Last night, I attended an open house at Live Oak. Six teachers spoke about the school's inquiry-based science curriculum. The event was designed to give prospective parents a deeper understanding of Live Oak's approach to learning.
The kindergarten teacher, John Michaud, introduced his classroom pets, a guinea pig named Eleanor Roosevelt and Speedy the tortoise. The first grade teacher, Danny Montoya, who could also make it as a stand-up comedian, told a story about a student who was convinced a horse is a fish. The third grade teacher, Holly Berg, talked about how her students concluded as a team that objects change weight depending on where you put them on a scale. The sixth grade teacher, Karen Bush, showed some photos of kids conducting experiments with dry ice. And the seventh and eighth grade science teacher Jennifer Spaeth talked about her students discovering the Doppler effect. "The idea is to guide them without spoon-feeding them answers," Spaeth said.
The science they talked about is hands-on. Kids work in groups and discover the world themselves. Textbooks don't play a key role. Tests aren't introduced until middle school—and they're never true and false or multiple choice. These are tests that require students to use reasoning.
I found the panel informative and enlightening. I like how independent schools emphasize the curriculum. A lot of thought is put into how children learn—private schools aren't restricted by state mandates.
After the teachers' presentation, there was a mingling period so prospective parents could chat with current parents and administrators. A roomful of strangers makes me nervous. My voice trembles, my hands shake, my mind goes into a tizzy—and, especially annoying, my armpits sweat.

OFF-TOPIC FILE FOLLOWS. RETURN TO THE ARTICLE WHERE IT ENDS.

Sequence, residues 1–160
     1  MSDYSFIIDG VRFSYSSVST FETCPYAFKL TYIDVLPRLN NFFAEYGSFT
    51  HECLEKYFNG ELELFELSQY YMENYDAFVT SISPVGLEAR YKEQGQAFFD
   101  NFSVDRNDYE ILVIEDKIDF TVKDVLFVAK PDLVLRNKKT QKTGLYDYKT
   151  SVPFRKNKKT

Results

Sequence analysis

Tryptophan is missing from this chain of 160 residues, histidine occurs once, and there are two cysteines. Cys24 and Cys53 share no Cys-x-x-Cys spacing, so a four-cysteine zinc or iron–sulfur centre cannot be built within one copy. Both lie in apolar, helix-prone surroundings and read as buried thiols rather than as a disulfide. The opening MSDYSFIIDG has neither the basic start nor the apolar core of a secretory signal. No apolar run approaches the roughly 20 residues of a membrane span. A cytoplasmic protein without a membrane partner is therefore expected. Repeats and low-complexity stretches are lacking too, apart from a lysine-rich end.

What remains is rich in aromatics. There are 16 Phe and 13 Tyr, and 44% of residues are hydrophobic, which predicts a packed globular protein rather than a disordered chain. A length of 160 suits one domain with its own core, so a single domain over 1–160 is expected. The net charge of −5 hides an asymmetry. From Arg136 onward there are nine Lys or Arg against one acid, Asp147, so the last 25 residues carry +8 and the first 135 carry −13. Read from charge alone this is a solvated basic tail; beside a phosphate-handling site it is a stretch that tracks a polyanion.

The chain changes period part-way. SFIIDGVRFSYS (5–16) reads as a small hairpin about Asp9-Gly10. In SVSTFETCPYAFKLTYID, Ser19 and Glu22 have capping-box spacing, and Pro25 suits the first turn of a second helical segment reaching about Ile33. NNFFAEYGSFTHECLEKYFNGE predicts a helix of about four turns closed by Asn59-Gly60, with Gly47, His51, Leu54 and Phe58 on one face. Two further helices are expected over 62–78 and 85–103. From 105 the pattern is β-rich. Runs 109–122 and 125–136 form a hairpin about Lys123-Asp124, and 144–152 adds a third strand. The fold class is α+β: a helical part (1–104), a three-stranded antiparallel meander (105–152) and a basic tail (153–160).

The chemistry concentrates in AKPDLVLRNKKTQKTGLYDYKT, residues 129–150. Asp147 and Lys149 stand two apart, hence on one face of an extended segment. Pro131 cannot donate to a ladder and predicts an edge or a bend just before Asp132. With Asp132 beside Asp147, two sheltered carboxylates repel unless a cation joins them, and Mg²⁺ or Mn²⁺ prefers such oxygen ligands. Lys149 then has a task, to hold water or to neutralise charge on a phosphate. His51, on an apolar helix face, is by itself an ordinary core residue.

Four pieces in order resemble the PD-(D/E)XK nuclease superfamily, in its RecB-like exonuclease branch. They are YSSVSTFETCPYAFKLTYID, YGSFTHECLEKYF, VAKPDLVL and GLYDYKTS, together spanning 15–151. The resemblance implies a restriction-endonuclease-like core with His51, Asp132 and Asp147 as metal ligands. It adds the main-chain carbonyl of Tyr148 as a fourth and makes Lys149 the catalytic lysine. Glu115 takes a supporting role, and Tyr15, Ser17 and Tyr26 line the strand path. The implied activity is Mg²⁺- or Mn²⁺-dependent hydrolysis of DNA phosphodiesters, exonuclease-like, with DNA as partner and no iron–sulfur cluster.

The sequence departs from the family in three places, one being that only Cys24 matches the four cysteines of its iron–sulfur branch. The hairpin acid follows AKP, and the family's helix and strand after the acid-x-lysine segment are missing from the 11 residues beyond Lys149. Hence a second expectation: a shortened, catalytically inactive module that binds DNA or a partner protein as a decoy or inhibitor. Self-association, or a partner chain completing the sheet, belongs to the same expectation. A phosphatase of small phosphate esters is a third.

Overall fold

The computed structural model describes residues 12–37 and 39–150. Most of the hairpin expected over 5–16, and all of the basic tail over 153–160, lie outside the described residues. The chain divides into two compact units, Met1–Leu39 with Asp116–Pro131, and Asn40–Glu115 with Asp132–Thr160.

I carpooled to the event with some friends, who knew a handful of people. I didn't know a soul but I forced myself to adventure out into the crowd, drips of sweat starting to trickle down. I visited the hors d'oeuvre table a few times (where the Rice Krispies treats were heavenly), checked out the students' artwork on the walls, and killed some time in the bathroom drying my armpits with toilet paper.
Most of the parents were engaged in conversation with one another—or jockeying to talk to the head of school, Holly Horton, who seems to be a friendly, warm, entirely unintimidating lady. Should I try to go talk to her? No, I immediately thought—but my subconscious was urging me otherwise: "Okay, count to three and then go." "You can do this. You're a big girl." "If Alice meant that much to you, you'd go talk to her." I was finally about to approach Horton—honestly, I swear, I was only 10 inches away from her. But then a friendly current parent approached me—and thank goodness because we bonded. She had a third grader and a kindergartener at the school. We had lots in common. She also toured all the public schools and applied to only two private. We chatted for a long time as Horton moved to the other side of the room. Oh well!
And this brings me to the topic of application essays, which have received flack in this blog's comments section. I love the essays—because it gives people like me the opportunity to thoughtfully express my interest in a school using the written word. I flounder when it comes to communicating verbally but I can usually throw something together in writing.
It seems to me that the independent schools offer a variety of opportunities for families to get acquainted with a school. Tours, applications, intimate coffee hours, open houses. While some may see the essays as a way for the highly educated (which I'm not) to express themselves, I see them as a way for blundering schmoozers to get themselves heard.